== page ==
This site shows some of the oldest star diagrams from prehistoric times: http://www.spacetoday.org/SolSys/Earth/OldStarCharts.html

This is a site on Egyptian Astronomy http://www.egyptologyonline.com/astronomy.htm

Here you can find the 'Decan' chart http://www.moses-egypt.net/star-map/senmut1-mapdate_en.asp

- The radius of the circle depends on the time of year. The truest E - W direction will be achieved by marking the end of the shadow at sunrise and sunset (possibly at the equinoxes). As long as the times of marking the shadow after sunrise and before sunset are the same, the true E - W direction could still be found. In the surviving documents, there are no diagrams, and the instructions are somewhat ambiguous. These ancient people knew that the diagonal of any rectangle was the square root of the square on the hypotenuse of a right triangle by at least 2,000 BCE. At that time, the square root of the square on the hypotenuse was conceived of as the length of a rope i.e. the side of the square, not a numerical result, as we think of it today.
- The ecliptic is the apparent path of the Sun in the sky throughout the year on the celestial sphere. The angle between the plane of the equator and the plane of the ecliptic is about 23$^\circ$ 26' and is called the obliquity of the ecliptic. Babylonian astronomers recognised the rotation of constellations of stars along the zodiac circle (the ecliptic). The intersections of the celestial equator and the ecliptic are the equinox points where the lengths of the day and night are equal.
- The common unit of measure for these calculations was usually the nidan or cubit (about 50 cm.) but other units were used at different times, so there is little consistency from one period to another. 1 degree of arc was about 4 minutes of time and 1 finger was 1/12 of a degree. 30 fingers (but sometimes 24) made 1 cubit. It is thus quite difficult to decide which unit of measure was being used to construct the tables. Angular distances were usually given by naming the constellation and an angle such as: Taurus 23$^\circ$ (= 30$^\circ$ + 23$^\circ$ = 53$^\circ$ ) and Leo 14$^\circ$ (= 120$^\circ$ + 14$^\circ$ = 134$^\circ$ ). In adding and subtracting sexagesimals, we are working in base 60, so if we think of the numbers representing degrees, minutes, seconds, or hours, minutes and seconds they are the same units we use today.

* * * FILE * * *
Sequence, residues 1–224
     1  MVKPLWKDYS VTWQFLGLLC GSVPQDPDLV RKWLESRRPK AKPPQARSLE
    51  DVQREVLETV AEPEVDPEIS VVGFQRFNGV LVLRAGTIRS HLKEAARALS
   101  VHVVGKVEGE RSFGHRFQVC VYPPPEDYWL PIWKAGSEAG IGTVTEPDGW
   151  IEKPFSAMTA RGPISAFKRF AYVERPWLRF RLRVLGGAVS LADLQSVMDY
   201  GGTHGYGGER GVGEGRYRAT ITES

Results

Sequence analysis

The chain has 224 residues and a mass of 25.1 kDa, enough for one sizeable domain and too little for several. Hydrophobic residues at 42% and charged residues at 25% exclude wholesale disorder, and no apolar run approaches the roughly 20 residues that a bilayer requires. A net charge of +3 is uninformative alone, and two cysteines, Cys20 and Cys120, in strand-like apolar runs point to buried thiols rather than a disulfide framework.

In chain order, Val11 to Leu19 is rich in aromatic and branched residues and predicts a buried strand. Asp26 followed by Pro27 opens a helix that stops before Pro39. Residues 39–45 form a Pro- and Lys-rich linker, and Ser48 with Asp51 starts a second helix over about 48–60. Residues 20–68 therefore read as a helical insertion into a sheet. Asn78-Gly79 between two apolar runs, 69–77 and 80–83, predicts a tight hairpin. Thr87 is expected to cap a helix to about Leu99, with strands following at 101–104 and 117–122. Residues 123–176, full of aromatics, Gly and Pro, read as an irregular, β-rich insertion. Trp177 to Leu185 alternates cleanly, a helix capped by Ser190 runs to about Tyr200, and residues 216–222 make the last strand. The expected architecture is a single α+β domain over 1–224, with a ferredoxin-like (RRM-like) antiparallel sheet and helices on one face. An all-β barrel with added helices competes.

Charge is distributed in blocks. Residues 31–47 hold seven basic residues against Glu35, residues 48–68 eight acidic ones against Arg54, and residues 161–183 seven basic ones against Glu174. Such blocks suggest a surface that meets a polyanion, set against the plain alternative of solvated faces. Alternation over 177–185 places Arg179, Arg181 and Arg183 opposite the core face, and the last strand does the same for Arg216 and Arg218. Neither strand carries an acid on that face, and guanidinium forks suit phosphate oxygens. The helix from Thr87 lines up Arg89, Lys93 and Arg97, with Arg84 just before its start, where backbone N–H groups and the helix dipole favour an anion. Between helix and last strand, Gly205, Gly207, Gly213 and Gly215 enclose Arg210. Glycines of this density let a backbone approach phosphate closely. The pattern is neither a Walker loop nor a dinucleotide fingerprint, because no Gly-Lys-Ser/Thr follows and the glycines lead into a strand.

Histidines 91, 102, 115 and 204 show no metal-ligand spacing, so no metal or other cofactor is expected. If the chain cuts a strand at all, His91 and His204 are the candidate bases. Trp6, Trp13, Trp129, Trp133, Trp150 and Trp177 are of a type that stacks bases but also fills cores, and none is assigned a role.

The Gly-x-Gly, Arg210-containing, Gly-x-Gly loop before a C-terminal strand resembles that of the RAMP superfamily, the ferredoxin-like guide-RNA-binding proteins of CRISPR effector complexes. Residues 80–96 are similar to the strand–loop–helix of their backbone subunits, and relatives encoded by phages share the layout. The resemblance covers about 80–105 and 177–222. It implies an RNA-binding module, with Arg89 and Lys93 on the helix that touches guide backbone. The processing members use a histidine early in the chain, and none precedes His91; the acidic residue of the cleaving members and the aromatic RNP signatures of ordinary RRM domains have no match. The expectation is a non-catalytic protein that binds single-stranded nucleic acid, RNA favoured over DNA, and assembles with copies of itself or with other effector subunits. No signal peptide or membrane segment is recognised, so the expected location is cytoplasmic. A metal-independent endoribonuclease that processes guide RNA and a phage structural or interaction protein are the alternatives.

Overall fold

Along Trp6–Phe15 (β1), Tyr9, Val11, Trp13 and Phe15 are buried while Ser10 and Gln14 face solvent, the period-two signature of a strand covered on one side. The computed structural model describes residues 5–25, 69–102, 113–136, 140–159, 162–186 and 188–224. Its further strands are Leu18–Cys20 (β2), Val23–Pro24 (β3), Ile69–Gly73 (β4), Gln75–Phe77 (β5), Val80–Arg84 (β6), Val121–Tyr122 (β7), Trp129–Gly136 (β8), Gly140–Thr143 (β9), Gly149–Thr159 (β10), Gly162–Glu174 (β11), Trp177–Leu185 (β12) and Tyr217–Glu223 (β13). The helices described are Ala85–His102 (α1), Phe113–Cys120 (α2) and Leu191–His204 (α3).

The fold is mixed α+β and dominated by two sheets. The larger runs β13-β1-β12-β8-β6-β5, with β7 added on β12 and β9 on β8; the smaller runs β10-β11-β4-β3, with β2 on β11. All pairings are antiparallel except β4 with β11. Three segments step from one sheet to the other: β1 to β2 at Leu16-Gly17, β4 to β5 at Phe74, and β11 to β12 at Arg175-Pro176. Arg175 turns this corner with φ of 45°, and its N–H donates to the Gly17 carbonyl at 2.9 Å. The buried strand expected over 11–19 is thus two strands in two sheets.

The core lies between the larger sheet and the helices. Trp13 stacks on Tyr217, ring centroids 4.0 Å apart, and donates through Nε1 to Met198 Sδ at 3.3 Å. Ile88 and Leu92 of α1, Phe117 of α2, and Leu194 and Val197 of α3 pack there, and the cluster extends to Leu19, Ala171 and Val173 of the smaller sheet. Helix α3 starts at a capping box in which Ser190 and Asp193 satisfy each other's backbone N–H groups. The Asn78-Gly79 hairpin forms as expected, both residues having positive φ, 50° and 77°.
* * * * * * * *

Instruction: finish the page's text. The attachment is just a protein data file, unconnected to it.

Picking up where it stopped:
- The use of the capital S in Sine is to show that the radius of the circle used is not unity, or the same as sin $\theta$ in our system, but could be an arbitrary length R. This means that Sin $\theta$ is equal to R sin $\theta$.
- The exact dating of this 'table of Sines' is uncertain. These texts were regularly being revised and added to by different scholars. The similarity in the calculation to the Greek table of chords from Hipparchus (190-120 BCE) (we know his data came from the Babylonians) suggests that this Indian work appeared some time in the first century CE. Did the data in the Indian table come directly from the Babylonians, or via the Greeks? Nobody knows for sure. The important point is that the Indians made the technical and conceptual change from 'Chord' to 'Sine'.
- The Dunhuang star chart, now in the British Library, is recognised to have been made about 649-84 BCE by Li Chunfen (602-670) and was constructed with quite remarkable accuracy. The Dunhuang project is an international archaeology project and much more information about the project and its discoveries can be found at http://idp.bl.uk/ and the star chart http://apod.nasa.gov/apod/ap090619.html.